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Summit Training 19

Surely it’s the dream job? It’s just powder skiing, champagne après ski, hot tub frolics with chalet staff and the occasional bit of teaching really good skiers / riders to go faster isn’t it?

Well, not exactly, but I guess there might be occasional opportunities to do all those things (they seem to mostly have passed me by though). Regardless, teaching skiing is a great job and, if you really want to do it (as a few years of fun or as a serious career) here’s how you go about getting there.

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First up get yourself qualified.

If you know where you want to work and you speak the local language, it’s worth checking out the qualification pathway for that country. Otherwise, choose an association that speaks your language. Most associations have a series of levels that one must work through to become ‘fully’ qualified. It might not be necessary to complete all the levels to teach where / what you want to teach.

Check out how far you need to go before getting a surprise once you embark on the instructor journey. Here at Summit, we employ mainly BASI (the British Association of Snowsports Instructors) qualified instructors although we also have Swiss, American, Australian and NZ qualified instructors. We have the ISIA stamp and a couple of seasons teaching experience as our minimum requirements for new applications.

Once you get your qualification, it’s time to look for your first teaching job. This is the tough bit. It’s a hard job market to crack. Here at Summit, we get approximately 200 applications every year and generally employ only a handful of new instructors each winter. I guess other schools also have a hard time to choose which instructors will work out best for them.

Who qualifies snowsports instructors?

Every skiing nation has their own instructor’s association.

BASI-LOGO
swisssnowsports
nzsia

How can you stand out from the crowd? Well, here are a few do’s and don’t’s

Make the effort to individualise your application. Research who the owners / directors of a school are and address your application to them personally.

Find out the core values of a school and align your application with them. Many schools have a ‘recruitment’ section to their website. Take the time to read it and think about what they look for in an instructor. Tailor your application accordingly.

Make an effort to advertise your qualities beyond your ski / snowboard qualifications. Experience teaching, other customer service jobs, second languages, work in other sports are all important factors in whether you might be a good instructor. We have previously employed an instructor where the deciding factor was his previous experience in stand up comedy!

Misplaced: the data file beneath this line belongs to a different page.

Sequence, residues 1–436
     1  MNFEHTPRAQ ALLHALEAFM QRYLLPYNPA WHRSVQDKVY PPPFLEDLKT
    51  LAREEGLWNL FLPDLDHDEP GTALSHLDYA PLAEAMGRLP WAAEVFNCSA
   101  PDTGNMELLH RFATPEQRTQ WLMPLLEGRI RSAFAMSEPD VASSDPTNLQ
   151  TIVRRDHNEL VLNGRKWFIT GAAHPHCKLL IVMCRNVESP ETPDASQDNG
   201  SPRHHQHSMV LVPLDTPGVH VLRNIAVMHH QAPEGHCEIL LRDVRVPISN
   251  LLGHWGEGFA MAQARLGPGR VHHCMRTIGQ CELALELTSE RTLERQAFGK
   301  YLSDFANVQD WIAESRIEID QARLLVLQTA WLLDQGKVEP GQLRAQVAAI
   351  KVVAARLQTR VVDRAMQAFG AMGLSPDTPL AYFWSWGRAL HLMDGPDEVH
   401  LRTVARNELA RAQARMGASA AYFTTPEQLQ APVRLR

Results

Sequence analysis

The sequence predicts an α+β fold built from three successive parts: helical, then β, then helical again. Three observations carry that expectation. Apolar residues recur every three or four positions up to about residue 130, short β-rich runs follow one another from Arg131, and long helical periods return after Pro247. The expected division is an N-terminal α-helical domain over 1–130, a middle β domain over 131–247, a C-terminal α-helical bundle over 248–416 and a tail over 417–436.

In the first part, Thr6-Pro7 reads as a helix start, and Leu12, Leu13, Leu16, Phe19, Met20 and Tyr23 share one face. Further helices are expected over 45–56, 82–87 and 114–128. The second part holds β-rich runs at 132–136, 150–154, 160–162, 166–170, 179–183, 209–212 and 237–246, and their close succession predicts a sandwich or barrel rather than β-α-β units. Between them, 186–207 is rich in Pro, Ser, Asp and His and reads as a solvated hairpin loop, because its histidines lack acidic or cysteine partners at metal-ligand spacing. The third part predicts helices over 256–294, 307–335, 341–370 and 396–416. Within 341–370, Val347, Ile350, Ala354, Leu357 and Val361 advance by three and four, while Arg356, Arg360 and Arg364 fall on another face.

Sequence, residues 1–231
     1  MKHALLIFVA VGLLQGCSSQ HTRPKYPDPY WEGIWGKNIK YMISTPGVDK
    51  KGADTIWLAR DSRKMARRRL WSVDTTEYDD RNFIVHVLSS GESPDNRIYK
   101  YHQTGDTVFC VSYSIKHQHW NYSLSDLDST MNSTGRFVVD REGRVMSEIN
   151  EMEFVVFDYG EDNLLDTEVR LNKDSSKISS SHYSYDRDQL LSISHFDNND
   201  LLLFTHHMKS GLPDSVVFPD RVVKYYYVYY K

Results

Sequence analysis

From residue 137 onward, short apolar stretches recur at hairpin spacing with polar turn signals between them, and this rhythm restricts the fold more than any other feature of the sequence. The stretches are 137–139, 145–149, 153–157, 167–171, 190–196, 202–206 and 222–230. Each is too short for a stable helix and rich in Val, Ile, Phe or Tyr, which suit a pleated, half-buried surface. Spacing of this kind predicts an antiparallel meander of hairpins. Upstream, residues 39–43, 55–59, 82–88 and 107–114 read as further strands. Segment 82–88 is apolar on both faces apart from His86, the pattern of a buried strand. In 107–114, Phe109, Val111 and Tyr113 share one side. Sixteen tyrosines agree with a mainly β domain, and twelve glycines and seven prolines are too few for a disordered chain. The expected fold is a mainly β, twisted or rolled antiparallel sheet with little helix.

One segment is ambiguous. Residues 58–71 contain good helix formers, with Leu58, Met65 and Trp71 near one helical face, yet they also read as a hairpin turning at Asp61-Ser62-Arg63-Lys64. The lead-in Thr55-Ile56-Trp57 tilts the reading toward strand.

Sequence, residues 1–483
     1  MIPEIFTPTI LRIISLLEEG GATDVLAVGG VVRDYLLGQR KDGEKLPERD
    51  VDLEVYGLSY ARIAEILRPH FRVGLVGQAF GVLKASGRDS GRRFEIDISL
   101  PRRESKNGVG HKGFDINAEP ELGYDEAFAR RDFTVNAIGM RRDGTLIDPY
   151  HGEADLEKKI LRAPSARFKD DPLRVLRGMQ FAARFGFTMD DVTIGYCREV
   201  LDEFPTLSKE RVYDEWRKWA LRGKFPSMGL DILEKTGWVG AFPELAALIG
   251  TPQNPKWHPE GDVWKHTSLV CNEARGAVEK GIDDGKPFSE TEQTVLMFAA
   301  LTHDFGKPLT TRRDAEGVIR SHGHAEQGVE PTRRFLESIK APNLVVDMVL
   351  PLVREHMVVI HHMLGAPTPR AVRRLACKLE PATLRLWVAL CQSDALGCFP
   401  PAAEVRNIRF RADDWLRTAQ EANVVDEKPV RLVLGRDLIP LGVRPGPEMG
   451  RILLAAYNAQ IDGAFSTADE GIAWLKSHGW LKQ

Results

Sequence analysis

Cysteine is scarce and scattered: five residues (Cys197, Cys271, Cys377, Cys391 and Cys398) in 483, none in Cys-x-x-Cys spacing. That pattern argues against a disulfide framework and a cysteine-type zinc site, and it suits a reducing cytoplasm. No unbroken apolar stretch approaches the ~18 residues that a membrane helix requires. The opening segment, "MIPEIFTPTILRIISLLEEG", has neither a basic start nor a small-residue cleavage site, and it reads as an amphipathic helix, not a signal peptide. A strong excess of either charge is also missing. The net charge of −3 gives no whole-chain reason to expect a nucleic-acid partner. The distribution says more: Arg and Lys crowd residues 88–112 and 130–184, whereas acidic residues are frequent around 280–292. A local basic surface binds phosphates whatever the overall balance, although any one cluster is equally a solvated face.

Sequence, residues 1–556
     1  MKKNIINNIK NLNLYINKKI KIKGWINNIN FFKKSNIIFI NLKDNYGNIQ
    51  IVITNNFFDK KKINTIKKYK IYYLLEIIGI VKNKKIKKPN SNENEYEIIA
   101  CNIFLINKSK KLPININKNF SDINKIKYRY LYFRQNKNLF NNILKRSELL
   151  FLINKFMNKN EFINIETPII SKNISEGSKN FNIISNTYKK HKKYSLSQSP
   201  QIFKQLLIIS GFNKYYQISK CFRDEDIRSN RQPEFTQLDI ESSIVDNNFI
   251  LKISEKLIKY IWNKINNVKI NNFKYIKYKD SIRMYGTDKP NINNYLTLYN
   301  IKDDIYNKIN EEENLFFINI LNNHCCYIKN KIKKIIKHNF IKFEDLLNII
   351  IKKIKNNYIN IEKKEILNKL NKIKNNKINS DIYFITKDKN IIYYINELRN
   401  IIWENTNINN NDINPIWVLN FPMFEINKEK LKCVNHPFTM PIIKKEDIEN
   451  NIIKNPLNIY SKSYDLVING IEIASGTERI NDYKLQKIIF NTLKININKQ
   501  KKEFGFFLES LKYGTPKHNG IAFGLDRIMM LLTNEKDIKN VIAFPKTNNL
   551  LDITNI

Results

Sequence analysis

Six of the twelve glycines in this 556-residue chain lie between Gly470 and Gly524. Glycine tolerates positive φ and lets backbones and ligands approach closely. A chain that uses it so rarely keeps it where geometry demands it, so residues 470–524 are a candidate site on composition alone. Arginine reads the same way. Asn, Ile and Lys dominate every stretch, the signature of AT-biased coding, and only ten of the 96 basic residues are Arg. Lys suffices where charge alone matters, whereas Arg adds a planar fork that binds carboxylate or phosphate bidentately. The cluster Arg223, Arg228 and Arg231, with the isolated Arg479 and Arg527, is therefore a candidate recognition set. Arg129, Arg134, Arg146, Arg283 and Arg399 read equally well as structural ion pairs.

Think about making an initial contact by phone or in person. We work in a very sociable industry and the personal contact goes a long way.

Just send your CV to “Dear Sir / Madam” at a bunch of schools with all the addresses in the same address bar.

Hurriedly cut and paste the same ‘blurb’ into each email you send. “I’d love the chance of working in X and Y would be my 1st choice school to work for”, where X is the wrong resort and / or Y is a different school to the one being applied to, does not make a good impression. At least take the time to edit the previous recipient’s school name / resort accordingly.

Assume your shiny level 2 badge is your ticket to work in any school that is lucky enough to have you.

Find a school’s Facebook page and post a message along the lines of “Can I have a job please?” on their wall.

Get your mum / dad to call up on your behalf. They might be more confident making the call than you (or more keen to see you leaving home / working in a different country) but they’re not the person potentially being employed.

If you’re asked for a photograph as part of your application

Choose a photo where you’re smiling. Ideally, choose one with some snow in it so you look happy to be in the mountains.

Choose a picture that looks like a police mugshot.

Choose that photo of you drunk at the office Christmas party / last wedding you went to.

 If you’re asked for an interview

Prepare yourself to discuss the resort in which you’ll potentially be teaching and the school for which you’ll hopefully be working.

Think about some teaching experience you can try and slip into conversation highlighting how good an instructor you are.

Have a few questions ready to ask about the resort or the school or the job.

Forget the name of the school interviewing you or ask “Where are you based again?”

So there you have it…

All these “don’t’s” might sound a bit ridiculous but they’re all things that we’ve experienced here at Summit.

If you’re thinking of starting down the road to being a ski instructor, we thoroughly recommend it and look forward to your application (with a smiley photo of course).

Good luck

Paul

Erica enjoying a run in the powder
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